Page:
Case Note: Where should public notices be posted before town limits are altered?

In State of Karnataka and others v Vasavadatta Cement and Others (Civil Appeal 1918 of 2015) the Supreme Court heard an appeal on how states are required to give public notice before altering the limits of a municipality. The case was decided on 16th February 2015 by a bench of Justice SJ Mukhopadhay and Justice Vikramjit Sen.

The case concerned a proposed alteration to the limits of Sedam Municipal Council in the State of Karnataka. The Council is regulated by the provisions of the Karnataka Municipalities Act, 1961. Section 9 of that Act provides a public notice must be provided at least thirty days before the limits of a municipality are altered. The section further provides that this notice must comply with three requirements:

  • Firstly, the proclamation for alteration must be published in the State Gazette, in both, English and Kannada
  • Secondly, the proclamation must be posted in ‘conspicuous places’ in the local area in Kannada, and
  • Thirdly, the proclamation should call upon all people who object to the alteration, to submit their objections in writing, within thirty days of the notice.

In the case of the Sedam Municipal Council, the proposal was to include certain surrounding areas within the jurisdiction of the Council. This included some factories, and a township for employees belonging to the Respondents. The State Government had the proclamation posted at four places in the local area: the panchayat office in Sedam’s Old Bazaar, the Railway Station at Sedam, the bus stand at Sedam, and the notice board of the Sedam Municipal Council.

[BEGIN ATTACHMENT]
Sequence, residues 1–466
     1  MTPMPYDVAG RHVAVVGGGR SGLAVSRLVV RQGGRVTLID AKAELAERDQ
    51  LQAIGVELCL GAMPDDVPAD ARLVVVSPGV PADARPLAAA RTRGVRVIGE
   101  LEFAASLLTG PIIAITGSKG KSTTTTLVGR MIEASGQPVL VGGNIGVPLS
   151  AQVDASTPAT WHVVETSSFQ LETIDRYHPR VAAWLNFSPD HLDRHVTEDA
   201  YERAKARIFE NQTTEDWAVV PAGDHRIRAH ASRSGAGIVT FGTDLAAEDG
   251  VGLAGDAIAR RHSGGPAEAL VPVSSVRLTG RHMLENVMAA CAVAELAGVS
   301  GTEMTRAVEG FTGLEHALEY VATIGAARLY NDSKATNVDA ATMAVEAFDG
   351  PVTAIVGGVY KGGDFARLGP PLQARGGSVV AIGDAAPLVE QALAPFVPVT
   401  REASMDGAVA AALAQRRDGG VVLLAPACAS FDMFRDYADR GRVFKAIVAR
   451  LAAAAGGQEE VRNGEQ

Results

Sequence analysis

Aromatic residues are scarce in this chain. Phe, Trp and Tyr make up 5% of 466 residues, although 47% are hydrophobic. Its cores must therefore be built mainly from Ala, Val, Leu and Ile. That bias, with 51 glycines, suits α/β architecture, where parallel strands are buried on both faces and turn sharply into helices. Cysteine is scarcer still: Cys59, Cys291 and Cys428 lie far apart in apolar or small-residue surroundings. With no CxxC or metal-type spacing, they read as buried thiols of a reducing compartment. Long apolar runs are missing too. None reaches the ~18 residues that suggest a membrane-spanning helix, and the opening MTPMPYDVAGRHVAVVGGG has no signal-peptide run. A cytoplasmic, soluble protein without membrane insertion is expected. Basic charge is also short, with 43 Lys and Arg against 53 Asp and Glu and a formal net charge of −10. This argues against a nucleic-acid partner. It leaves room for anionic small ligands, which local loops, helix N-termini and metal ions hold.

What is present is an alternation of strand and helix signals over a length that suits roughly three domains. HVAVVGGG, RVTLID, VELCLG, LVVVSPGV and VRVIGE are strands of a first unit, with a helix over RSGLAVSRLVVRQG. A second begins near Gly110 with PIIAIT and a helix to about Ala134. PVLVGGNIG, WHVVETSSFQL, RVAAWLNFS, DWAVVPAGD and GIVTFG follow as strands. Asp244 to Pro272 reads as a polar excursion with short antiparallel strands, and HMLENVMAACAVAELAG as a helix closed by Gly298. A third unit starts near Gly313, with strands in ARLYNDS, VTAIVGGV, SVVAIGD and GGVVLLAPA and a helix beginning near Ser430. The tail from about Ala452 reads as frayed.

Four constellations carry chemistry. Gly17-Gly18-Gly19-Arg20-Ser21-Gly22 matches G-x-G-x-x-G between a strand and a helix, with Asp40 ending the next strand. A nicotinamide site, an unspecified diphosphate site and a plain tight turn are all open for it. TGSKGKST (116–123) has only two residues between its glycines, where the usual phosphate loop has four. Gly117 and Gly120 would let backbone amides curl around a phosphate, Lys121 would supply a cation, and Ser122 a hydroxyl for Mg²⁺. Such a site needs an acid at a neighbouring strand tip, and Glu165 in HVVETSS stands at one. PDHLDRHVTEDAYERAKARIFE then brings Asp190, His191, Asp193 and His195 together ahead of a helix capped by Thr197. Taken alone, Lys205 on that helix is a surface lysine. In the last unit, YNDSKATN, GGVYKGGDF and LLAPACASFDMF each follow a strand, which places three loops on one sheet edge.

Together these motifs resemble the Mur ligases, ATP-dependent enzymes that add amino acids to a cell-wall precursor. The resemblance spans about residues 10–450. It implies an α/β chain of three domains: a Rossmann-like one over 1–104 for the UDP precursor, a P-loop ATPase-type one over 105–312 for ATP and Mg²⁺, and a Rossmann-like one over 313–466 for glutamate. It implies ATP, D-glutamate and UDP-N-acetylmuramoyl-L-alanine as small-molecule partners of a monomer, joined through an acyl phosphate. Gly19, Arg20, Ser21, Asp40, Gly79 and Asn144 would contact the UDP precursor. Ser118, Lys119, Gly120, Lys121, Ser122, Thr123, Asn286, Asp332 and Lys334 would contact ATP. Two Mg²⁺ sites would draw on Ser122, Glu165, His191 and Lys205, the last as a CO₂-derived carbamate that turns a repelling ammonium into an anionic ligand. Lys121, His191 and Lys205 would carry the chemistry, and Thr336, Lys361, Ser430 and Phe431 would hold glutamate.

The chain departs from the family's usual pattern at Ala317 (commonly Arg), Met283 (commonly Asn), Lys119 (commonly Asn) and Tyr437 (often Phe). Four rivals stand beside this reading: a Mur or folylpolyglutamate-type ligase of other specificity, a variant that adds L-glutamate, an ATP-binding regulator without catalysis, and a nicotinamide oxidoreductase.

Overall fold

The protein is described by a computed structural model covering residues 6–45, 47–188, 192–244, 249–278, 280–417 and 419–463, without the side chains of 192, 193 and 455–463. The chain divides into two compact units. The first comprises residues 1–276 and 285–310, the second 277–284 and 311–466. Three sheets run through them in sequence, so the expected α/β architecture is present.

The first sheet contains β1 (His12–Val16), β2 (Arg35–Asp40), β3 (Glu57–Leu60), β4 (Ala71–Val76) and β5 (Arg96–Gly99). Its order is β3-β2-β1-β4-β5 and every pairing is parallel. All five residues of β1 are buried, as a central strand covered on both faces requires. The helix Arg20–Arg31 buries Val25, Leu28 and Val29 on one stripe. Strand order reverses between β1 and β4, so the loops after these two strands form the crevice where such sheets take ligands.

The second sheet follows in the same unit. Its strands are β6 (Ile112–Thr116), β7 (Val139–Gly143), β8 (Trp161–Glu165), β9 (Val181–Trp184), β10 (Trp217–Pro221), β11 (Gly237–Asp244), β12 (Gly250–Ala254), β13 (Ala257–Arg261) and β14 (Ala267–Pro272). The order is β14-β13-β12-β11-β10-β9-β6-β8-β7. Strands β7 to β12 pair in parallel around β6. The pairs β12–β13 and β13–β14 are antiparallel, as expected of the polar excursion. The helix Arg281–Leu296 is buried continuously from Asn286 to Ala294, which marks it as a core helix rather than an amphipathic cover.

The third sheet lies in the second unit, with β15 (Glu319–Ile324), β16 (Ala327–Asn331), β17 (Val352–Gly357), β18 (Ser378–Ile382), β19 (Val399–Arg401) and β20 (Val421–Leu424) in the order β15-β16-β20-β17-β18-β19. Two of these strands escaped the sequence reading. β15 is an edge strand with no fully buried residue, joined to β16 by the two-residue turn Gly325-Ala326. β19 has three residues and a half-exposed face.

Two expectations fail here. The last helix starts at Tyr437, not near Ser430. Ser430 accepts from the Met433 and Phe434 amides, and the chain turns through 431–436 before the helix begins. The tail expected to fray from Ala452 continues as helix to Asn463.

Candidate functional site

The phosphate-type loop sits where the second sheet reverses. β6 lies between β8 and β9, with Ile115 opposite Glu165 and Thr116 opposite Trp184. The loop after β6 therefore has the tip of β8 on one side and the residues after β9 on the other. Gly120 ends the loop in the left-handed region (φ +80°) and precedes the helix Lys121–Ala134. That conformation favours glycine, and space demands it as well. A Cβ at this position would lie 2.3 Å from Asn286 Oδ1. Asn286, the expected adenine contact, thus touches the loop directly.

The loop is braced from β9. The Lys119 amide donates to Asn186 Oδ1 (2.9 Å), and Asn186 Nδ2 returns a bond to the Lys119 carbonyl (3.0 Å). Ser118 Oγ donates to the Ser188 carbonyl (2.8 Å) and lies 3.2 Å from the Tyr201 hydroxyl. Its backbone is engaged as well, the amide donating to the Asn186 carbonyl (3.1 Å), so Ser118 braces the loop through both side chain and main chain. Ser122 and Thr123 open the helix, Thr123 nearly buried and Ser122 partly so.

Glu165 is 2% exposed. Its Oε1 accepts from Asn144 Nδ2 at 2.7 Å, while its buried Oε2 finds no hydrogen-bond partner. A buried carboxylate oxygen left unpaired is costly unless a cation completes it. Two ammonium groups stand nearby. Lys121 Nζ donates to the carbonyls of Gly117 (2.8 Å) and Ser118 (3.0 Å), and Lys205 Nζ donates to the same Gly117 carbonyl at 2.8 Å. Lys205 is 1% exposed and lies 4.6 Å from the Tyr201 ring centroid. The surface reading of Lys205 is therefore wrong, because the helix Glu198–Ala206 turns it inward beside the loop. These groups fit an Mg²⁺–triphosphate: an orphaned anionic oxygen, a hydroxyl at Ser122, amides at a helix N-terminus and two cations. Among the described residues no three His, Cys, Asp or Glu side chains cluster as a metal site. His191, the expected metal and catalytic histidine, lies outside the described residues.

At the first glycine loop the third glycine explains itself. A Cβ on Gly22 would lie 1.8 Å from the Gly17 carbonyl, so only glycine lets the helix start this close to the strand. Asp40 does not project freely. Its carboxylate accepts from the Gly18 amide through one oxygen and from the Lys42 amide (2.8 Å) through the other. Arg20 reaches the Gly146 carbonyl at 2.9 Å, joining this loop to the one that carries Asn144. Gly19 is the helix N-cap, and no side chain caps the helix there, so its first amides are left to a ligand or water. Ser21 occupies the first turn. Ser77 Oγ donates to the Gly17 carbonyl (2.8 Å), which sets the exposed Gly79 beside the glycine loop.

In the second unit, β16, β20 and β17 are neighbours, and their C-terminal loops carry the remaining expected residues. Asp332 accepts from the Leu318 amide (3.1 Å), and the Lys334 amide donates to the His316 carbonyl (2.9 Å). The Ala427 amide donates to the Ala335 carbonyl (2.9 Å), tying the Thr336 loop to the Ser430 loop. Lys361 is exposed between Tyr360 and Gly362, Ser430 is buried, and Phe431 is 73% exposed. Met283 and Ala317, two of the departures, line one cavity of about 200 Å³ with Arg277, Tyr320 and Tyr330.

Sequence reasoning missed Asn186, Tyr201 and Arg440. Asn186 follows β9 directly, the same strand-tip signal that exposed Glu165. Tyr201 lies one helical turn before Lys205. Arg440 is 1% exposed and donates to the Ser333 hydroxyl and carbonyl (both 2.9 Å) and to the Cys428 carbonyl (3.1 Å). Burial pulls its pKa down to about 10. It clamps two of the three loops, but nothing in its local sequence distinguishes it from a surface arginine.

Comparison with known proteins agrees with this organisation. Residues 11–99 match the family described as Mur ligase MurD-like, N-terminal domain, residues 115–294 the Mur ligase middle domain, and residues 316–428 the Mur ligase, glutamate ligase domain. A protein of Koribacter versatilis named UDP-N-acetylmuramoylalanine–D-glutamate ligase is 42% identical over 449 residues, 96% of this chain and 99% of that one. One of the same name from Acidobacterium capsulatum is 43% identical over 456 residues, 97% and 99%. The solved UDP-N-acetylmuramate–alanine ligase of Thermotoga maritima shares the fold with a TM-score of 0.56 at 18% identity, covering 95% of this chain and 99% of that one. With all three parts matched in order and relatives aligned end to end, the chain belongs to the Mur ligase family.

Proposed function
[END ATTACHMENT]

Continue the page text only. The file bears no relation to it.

The Respondent factories argued that the notice had not been posted in near or at their factories, and consequently, they had not received adequate public notice. They claimed, accordingly, that the second requirement under Section 9 had not been met. The Respondent claimed that the proclamation should be posted at every area that was proposed to be added or removed from the council limits. The State, in turn, argued that the requirements of Section 9 had been met, and so there was no defect in their procedure.

The Supreme Court held in favour of the State. Section 9, the Court held, had to be interpreted in light of the Constitution’s Article 243Q. The implication was that

“the Office of the Collector, Panchayat Office, Office of Tehsildar, Office of municipality, railway station and bus stand, etc. of the local area are public places; which are expected to be visited by general public for one or the other reason. Those places can be safely expected to be conspicuous/convenient places for posting a notice about declaration of local area to be smaller urban area or altering the limit of any such smaller urban area as is done in the case of land acquisition.”

Allowing the respondent’s claim, said the Court, would effectively require the State to give individual notice to each affected applicant, which was impractical.

The Court also noted that there appeared to be some irregularity with the documents submitted by the State Government to the Court: one mentioned four locations for the public notice, but another document submitted bearing the same number, indicated five more locations. The Court directed the State to inquire into this irregularity, and if necessary, to register criminal complaints against the officers concerned.

This is an important judgment, containing a welcome clarification on the locations that constitute ‘conspicuous places’ or city limits alteration notices.

This is an important judgment, containing a welcome clarification on the locations that constitute ‘conspicuous places’ for city limits alteration notices.